Former Australian captain Ricky Ponting has predicted host England will emerge in the final at Lord’s on Sunday, July 14, as champion of the ICC Men’s 2019 Cricket World Cup.
Hosts England are contesting a World Cup final for the first time since 1992 after beating top-class opponents in their last three games. In the second semi-final in Edgbaston they stormed against their archrival and defending champion Australia with eight points ahead. Ponting, who was Australia’s assistant coach for the tournament, believed that England would emerge victorious with his fourth World Cup final.
“I think England will win,” Ponting told cricket.com.au. “I said before the tournament started, I thought they were exceptionally hard to beat, I had them as favorites, nothing changes now.”
The two-time captain of the World Cup also praised the Australian Trans-Tasman rivals New Zealand, who will compete for the second time in a row in the final of the World Cup. He believed, however, that England, with the quality of the talent that they possess, stands as a firm favorite.
“New Zealand has done remarkably well to reach the final, and two consecutive World Cup finals are a great achievement for this group, and they’ll have some experience to take from the final, while neither of the English players have already played in a final, “he said. “Apart from that, I think there’s a bit too much class in this English team to win.”
Ponting, who scored a match-winning 140* in the final of the 2003 edition against India at The Wanderers, rued his team’s failure in crunch moments in this edition.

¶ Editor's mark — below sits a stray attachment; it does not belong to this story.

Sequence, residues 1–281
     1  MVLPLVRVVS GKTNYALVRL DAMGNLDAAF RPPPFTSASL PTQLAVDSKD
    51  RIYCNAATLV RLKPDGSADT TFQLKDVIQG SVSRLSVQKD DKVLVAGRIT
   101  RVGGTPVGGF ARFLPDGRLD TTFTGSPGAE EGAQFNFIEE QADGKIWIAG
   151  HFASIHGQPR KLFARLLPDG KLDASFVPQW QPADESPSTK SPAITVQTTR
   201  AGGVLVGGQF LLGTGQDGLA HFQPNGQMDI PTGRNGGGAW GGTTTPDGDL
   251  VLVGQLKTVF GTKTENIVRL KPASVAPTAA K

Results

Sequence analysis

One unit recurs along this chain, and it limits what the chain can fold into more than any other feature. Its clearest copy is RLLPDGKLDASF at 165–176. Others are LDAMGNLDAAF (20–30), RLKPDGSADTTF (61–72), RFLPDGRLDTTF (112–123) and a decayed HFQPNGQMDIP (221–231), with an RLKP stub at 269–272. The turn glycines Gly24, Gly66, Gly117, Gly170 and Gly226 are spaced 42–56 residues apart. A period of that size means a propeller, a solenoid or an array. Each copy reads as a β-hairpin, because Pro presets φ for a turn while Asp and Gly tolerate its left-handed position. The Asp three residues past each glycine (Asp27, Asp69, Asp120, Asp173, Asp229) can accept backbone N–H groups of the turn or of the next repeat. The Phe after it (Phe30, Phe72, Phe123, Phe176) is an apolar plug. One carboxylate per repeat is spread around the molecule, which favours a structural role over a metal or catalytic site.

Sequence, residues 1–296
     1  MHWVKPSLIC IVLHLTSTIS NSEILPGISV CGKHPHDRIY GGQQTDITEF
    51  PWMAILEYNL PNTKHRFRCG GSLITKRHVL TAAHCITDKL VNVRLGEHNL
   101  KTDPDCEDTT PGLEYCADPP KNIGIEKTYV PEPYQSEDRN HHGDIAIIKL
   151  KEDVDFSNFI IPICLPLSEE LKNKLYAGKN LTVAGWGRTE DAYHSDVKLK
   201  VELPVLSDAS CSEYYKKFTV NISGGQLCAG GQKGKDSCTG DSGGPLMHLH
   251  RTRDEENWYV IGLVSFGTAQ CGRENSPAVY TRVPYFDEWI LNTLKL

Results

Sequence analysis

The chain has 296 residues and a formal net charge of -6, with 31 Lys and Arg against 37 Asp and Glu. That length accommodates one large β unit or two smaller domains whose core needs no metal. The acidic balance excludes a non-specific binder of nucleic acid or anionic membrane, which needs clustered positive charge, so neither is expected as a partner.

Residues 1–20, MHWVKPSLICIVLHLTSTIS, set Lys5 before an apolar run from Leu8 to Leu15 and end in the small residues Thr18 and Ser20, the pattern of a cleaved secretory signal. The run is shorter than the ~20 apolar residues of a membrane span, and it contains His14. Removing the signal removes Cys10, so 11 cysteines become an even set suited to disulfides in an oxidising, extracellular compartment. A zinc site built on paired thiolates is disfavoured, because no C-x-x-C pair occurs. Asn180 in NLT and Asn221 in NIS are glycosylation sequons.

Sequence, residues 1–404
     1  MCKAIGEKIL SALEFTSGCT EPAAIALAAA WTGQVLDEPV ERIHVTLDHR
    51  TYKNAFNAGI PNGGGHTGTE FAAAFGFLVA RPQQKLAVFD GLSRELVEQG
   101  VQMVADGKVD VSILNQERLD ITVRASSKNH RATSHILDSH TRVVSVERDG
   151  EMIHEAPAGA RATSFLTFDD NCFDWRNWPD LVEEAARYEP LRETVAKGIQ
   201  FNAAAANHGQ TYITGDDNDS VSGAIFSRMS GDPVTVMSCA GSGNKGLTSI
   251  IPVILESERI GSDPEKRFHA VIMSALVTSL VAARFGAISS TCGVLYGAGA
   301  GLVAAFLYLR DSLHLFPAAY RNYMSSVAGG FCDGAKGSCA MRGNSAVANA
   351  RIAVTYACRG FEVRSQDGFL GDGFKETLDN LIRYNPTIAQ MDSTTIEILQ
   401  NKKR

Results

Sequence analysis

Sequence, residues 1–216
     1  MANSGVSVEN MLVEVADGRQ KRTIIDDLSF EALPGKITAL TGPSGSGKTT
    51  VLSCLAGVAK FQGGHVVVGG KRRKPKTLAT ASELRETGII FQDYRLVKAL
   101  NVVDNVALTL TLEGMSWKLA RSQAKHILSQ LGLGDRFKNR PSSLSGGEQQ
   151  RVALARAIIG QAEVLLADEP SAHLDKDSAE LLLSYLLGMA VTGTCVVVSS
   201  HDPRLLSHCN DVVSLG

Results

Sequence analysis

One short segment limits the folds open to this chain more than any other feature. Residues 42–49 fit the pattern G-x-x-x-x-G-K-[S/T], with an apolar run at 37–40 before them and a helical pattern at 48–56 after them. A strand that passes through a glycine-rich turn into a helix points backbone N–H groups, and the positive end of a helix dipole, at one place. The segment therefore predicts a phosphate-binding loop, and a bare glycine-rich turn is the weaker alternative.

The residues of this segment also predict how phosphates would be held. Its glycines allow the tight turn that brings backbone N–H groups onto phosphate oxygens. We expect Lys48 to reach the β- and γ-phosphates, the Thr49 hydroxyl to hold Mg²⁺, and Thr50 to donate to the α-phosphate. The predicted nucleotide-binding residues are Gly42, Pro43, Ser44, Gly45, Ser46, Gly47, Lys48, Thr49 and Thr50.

“Unusually for Australian teams in World Cups, we played our worst cricket in the most critical moments. I said right at the start of the tournament you have to play your best cricket at the back end, and you have to stand up in the big moments,” he said. “We won all the big moments in the first half of the tournament and we’ve lost most of the big moments in the last couple of games.”
Australia had been a dominant force through much of the group stage, losing only to India in their first eight matches and becoming the first team to qualify for the semi-finals. However, a 10-run defeat in their last round-robin game, against South Africa, gave them a second-place finish, after they had seemed set to top the points table. To make matters worse, they lost Usman Khawaja, who became the second player, after Shaun Marsh, to be ruled out of the remainder of the tournament due to injury.
Ponting emphasised that Australia still had the right combinations, but failed to produce clinical performances when it mattered the most. “Tactically, I think we got things right,” he said. “Personnel-wise, we picked the best team that we could for every game. Unfortunately, we’ve come up short for the last couple of games.”